BC Dirty Money Report Author Was Conflicted, Former SG Claims in Secret Recording

Posted on: December 3, 2020, 06:17h. 

Last updated on: December 3, 2020, 10:42h.

The author of two explosives reports on British Columbia’s rampant money-laundering problem may not have been the right man for the job, according to secret recordings that surfaced this week.

Peter German
Former top Mountie Peter German, seen here, has denied a conflict of interest in his investigation into dirty money in BC. (Image: Toronto Star)

Former Royal Canadian Mounted Police (RCMP) deputy commissioner for Western Canada Peter German was commissioned to write two reports for the province in 2016. Titled Dirty Money, the first dealt with money laundering within the VIP segment at BC casinos. The second looked at horse racing, luxury vehicles, and real estate.

When he came to office in 2016, BC attorney general David Eby had been shocked to discover the extent of the problem, which the previous provincial Liberal government appeared to have either ignored or willfully covered up.

Eby wanted the issue examined by an independent third party. But now, secret recordings have emerged in which a former BC solicitor general Kash Heed questions German’s impartiality, and suggests he may have had a conflict of interest.

‘Tsunami’ of Money Laundering

The recordings were made by former commander of BC’s anti-illegal gaming Fred Pinnock and were offered as evidence to the Cullen Commission. The commission is examining the extent of culpability of the Liberal government for BC’s money laundering problem.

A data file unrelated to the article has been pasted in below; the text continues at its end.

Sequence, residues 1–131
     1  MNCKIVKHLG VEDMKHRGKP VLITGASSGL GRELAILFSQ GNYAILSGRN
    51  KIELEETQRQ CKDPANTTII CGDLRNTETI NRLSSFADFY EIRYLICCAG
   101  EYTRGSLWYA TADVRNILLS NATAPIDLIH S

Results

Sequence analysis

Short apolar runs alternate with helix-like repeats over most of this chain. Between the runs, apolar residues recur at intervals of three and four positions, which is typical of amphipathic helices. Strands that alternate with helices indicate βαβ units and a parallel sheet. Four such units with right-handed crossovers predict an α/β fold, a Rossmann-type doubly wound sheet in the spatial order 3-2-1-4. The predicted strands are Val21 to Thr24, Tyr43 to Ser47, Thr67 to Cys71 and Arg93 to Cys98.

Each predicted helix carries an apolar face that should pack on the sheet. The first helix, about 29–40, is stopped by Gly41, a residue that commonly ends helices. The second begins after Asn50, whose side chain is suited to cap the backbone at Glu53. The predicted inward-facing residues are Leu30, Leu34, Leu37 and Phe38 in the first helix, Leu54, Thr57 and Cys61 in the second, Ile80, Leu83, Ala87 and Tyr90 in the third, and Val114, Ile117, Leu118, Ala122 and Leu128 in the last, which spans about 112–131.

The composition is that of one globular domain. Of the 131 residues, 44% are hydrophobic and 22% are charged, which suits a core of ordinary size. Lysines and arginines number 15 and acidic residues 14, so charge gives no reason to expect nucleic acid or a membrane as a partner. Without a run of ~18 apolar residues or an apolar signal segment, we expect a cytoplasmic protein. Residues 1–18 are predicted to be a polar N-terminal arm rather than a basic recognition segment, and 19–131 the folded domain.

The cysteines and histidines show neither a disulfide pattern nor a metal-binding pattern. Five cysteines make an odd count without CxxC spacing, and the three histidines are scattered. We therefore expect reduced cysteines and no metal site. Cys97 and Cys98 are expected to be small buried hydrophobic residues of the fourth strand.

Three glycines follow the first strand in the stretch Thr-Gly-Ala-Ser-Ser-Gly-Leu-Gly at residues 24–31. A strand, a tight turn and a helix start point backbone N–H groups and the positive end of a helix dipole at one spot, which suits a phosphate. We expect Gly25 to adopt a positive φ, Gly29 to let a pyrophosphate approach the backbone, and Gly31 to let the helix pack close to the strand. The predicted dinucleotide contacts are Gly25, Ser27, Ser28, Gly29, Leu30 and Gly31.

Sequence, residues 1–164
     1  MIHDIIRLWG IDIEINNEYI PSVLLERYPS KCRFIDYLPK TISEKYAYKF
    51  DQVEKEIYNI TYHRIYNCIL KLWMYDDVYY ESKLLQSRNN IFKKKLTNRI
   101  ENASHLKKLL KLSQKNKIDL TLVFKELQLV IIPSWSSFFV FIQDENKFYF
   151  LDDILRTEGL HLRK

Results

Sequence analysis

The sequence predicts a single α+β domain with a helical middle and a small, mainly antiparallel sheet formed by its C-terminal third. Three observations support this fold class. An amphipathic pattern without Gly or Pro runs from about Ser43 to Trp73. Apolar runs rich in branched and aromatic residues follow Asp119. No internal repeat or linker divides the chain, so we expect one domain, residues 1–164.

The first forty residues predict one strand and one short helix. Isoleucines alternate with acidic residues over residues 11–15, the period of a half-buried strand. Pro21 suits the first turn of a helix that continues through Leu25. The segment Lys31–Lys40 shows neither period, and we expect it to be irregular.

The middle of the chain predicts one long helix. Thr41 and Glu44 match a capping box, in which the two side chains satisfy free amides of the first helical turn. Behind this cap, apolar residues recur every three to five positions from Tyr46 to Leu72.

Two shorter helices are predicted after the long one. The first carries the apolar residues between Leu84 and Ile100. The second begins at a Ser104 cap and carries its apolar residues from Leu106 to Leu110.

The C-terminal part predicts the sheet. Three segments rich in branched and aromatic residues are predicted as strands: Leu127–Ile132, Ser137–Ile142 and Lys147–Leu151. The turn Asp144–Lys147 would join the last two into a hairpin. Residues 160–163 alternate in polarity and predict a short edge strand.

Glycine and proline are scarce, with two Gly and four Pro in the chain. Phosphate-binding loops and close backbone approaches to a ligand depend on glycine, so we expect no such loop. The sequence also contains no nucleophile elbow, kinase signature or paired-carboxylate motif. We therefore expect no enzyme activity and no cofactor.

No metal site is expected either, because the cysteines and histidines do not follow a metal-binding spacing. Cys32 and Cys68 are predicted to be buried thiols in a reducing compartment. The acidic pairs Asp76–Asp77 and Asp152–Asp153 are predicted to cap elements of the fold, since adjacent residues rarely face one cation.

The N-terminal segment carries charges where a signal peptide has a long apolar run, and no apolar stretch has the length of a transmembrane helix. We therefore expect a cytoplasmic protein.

During his testimony, Pinnock said that the government had deliberately ignored the issue. Pinnock’s unit, the Integrated Illegal Gaming Enforcement Team (IIGET), was disbanded after he started making noises about organized crime taking over casinos.

Pinnock has blamed another former BC solicitor general, current BC lawmaker Rich Coleman, for pulling IIGET.

In the 2018 recordings, Heed says that Coleman was the head of an “unethical network” that was responsible for a “tsunami of money laundering” in BC casinos.

But Heed says Eby “didn’t know the backstory,” and should not have selected German to write the reports.

What Backstory?

At the time Coleman disbanded the IIGET in 2009, German was the RCMP assistant commissioner for the Lower Mainland. According to Heed, he would have been one of the people who signed off Coleman’s request to dissolve IIGET.

“David [Eby] and I have been friends for years, and I actually – when he hired [German] to do his thing, I phoned him and gave him shit,” Heed said in the recording.

‘Now you’re bringing one of the decision makers back to review it?’ I said, ‘How hypocritical is that, David?’ He was just quiet on the phone. He was very quiet on the phone,” said Heed.

German told Glacier Media this week that the comments were “outrageous” and that he had no involvement with the “formation, operation, or end of IIGET.” He added that, to the best of his recollection, he had never met Coleman until he interviewed him for the Dirty Money report.

German’s report on money laundering in casinos made 48 recommendations to help eradicate the problem, many of which have been implemented. These include ensuring patrons who deposit more than $10,000 can prove their funds do not come from illegal activity.